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Guest Another_Nocturn

Alternatives To (the Now Dead?) Hypershot...

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Guest Another_Nocturn

So by now you've probably seen the posts and articles citing Bunkspeed's loss of the rights to sell HyperShot. If not, check out the post below or the threads in Bunkspeed Forums.

 

http://develop3d.com/blog/2010/01/bunkspeed-the-future

 

While I hope for the best for the folks at Bunkspeed - I am planning for the worst in case they really don't bounce right back with a bigger and better application. (really, can anyone really "bounce right back" after their flagship software package undergoes a hostile takeover?)

 

So whats next?

I have used HyperMove extensively and while I like the general interface, it has a lot of drawbacks in its power and flexability; mostly as a result of their effort to make it simple and idiot-proof. I'll probably keep using HyperMove for the time being but my instincts tell me it would be wise to find a more stable company fast. HyperMove still has its share of bugs, and Bunkspeed's patches have become few and far between. Between this, the forgotten users library, etc., I think their development team is just too overwelmed to get things polished and out the door in a reasonable time frame.

 

Ive also been looking at Modo; especially for its close ties with Solidworks (my primary app). From what I understand, Photoview 360 is their brainchild and Modo is their "get it all" flagship. I am guessing that the pipeline between both apps will only get better. Hair/Fur generation, Built-In Network Renderings, User-powered online asset libraries, a price tag about half of what I paid for HyperMove.... It definitely has my attention.

 

Maya and 3DS Max are both long proven, extremely capable apps but they both seem geared mostly toward game development and entertainment; not CAD users. Additionally, Autodesk is making an aggressive push toward its own CAD package, so I am doubting Solidworks users will see much Love from them in the future.

 

Maxwell, Ive got a seat and love it, but man; its not a lightning quick app to use or learn. Also, it doesn't really offer animation, and that's is a growing part of my workload.

 

I haven't really worked too much with other apps like Cinema, Alias, blender etc; but I am hoping some of you might have some other thoughts to make them worth exploring.

 

Sound off, What rendering and animation apps are you guys digging, and why

 

 

-B

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Sounds like after reading all that theres no real reason to jump ship. Looks like Hypershot will continue to live as a product from another vendor (nobody flinched when Autodesk aquired any of their 3 million packages, including Alias and Maya), and Bunkspeed will release a new tool on their own.

 

Personally my app of the moment is Showcase. (Although it is refusing to work today!) It has both real time ray tracing and GPU based rendering, and I've gotten very very good results out of it. It continues to be refined and each year there are 2 releases with more features than the last, so I'm happy with the rate that it is developing at.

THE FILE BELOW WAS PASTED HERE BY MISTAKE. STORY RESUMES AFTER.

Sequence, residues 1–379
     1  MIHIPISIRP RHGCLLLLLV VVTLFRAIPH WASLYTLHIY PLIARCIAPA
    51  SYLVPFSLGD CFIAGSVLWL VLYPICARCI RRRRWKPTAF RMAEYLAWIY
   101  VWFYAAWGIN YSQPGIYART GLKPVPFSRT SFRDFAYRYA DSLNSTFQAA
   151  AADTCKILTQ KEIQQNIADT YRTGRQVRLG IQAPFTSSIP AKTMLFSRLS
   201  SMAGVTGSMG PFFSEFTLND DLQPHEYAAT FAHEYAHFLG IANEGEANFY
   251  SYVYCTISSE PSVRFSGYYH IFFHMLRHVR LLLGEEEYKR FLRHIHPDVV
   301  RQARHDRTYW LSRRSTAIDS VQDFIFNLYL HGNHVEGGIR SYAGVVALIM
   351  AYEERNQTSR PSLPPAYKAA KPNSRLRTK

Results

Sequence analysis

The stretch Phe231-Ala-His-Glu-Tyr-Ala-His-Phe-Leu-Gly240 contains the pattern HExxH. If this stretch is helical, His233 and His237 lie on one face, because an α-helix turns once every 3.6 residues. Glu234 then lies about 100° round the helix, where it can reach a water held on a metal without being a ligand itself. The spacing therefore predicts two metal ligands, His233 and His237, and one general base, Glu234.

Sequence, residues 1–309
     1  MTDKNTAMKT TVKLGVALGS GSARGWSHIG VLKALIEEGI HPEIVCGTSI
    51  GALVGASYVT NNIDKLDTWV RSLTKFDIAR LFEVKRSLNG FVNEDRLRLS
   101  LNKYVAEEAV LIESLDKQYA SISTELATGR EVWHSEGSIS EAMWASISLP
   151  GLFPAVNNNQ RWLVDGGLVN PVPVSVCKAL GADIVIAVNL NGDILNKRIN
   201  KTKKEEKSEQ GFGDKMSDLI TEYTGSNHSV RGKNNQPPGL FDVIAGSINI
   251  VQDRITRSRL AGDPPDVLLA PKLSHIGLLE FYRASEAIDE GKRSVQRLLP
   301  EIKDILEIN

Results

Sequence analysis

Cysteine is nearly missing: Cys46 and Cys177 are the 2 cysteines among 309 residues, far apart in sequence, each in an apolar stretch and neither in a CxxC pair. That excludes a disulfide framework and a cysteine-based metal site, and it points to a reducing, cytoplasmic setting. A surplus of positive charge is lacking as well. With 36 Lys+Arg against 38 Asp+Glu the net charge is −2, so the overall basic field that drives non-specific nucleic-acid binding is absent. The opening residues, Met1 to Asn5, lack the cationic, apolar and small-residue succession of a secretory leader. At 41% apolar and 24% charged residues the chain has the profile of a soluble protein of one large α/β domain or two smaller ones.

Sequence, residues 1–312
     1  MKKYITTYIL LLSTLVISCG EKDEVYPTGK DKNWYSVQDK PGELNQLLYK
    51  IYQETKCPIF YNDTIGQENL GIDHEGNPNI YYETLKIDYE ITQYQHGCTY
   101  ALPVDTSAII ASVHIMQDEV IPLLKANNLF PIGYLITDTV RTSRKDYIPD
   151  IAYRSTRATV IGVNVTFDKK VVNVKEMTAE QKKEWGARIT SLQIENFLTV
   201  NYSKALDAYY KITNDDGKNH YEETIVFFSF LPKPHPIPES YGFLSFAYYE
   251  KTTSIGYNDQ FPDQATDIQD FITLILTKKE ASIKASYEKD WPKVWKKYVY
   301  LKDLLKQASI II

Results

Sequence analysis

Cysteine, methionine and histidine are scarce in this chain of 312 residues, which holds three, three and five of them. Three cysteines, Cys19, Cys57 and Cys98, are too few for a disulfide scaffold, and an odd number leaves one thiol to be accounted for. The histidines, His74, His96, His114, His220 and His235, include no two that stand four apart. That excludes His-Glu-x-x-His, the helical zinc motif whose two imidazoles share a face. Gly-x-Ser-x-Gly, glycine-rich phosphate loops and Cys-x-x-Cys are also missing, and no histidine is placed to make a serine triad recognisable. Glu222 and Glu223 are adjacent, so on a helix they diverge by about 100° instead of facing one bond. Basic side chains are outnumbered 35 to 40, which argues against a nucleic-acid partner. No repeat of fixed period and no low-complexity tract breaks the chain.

From a design visualization standpoint, it's a very powerful tool and the animation capabilities are being focused on more now that the core rendering areas are pretty solid. The ability to assign hot spots on your geometry (click the power button and my screen can turn on, click a key and I can move through UI, change different objects, a lot of power including building your own 3D UI if you wanted). It's a great design review tool as well, it's current weakness in my case is the fact that real time 3D reviews do not work well over the web. No point in having super nice visuals if the people on the other end of my net meeting are waiting for it to buffer the whole time.

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Wait and see what happens. But if you area SOlidworks user then Modo is the obvious answer. But then I think PhotoView 360 2011 will have a lot going for it as well.....

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I am keeping an eye on Octane Render for GPU rendering.

Modo is still awesome. Photoview 360 is really cool too.

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Guest Another_Nocturn

I ended up picking up several videos and a book for Modo 401 and have to say that the forum support and continual flow of training that comes out of luxology is pretty impressive. Ive also been watching the gallery cant believe that some of the shots are not photos. The learning curve is no joke though... wow there are a lot of tools to learn and numerical relationships to "understand".

 

My demo runs out in about a week, and once my 'tax-damage' has passed - il probably pick up a seat and forge ahead with it.

 

 

Anyway, check out these samples.. they just blow me away

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57b95e317c249458b76de9164a38b6c0.jpg

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Yeah - the rendering package you choose I think has a lot to do with your workflow and what gap you need to fill.

 

If you work in a space where hyper-realism is a must - then it is worth the time and investment to polish your skills on a single app that you are going to stick with for a long time.

 

The issue is being able to dive in and really pick things up quickly. I think it took me about 6 months of use before I really started feeling comfortable with Mental Ray. That included a lot of trial and error, deep understanding of shaders, and watching tutorial DVD's to explain all the math differences between types of rays, settings, etc. But the power is there.

 

Luckily I work in a space where 90% of my shaders are black plastic, so once I have one product done it's easy for me to crank open showcase, apply shaders, render, and I have all the renderings I need in 30 minutes. Even though I love mental ray the time I used to have to budget for even decent renderings was days, not hours. When time to market is constantly a shrinking factor I just can't afford that anymore.

 

I do miss the old fashioned tweaking though. It was always fun to hit "Render" and wait till morning to see what would pop out.

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Guest Another_Nocturn
Even though I love mental ray the time I used to have to budget for even decent renderings was days, not hours. When time to market is constantly a shrinking factor I just can't afford that anymore.

 

What are you using these days as your replacement for Mental Ray?

 

 

That statement really nails my concerns on the head. For any given design project, I typically throw in a few renderings for a number of reasons. 1) it sometimes gets the customer fired up about marketing artwork thus leading to additional work, and 2) eventually I want to have something to show in my own gallery. This extra eye-candy is easy to justify when the time required to create it is so slight.

 

Enter Modo,